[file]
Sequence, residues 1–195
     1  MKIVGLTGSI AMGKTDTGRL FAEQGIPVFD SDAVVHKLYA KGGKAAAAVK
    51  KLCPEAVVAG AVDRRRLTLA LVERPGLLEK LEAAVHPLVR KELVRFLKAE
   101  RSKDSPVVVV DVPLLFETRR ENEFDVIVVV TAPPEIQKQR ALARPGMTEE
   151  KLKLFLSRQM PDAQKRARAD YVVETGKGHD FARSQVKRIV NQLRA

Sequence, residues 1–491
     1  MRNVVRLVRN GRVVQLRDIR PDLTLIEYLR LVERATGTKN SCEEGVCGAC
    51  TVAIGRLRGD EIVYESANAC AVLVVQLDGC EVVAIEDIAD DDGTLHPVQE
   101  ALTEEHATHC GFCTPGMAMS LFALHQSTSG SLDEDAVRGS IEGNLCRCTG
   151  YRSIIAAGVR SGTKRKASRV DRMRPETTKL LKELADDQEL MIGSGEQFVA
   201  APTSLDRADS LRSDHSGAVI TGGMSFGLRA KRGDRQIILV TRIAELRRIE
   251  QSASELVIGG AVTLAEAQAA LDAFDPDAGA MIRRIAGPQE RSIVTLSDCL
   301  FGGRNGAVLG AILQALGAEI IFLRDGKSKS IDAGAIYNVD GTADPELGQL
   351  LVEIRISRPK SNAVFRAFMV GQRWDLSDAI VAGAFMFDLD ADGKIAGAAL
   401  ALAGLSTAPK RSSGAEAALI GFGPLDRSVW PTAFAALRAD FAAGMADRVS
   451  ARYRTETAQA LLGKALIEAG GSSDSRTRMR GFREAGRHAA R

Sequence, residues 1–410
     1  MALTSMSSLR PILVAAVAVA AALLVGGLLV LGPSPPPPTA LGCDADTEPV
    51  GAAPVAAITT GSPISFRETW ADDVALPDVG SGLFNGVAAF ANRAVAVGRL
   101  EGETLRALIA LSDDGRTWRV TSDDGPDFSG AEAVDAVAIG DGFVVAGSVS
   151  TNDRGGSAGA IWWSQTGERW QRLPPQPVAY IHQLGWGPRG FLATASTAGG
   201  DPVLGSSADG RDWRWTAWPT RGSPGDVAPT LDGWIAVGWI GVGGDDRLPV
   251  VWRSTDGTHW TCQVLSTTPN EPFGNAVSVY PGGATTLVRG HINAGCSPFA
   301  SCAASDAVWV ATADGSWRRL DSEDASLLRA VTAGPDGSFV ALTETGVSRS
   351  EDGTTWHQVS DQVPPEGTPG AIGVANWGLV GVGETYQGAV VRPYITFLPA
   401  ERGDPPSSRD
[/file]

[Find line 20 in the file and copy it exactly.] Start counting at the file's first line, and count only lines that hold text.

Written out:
   101  EGETLRALIA LSDDGRTWRV TSDDGPDFSG AEAVDAVAIG DGFVVAGSVS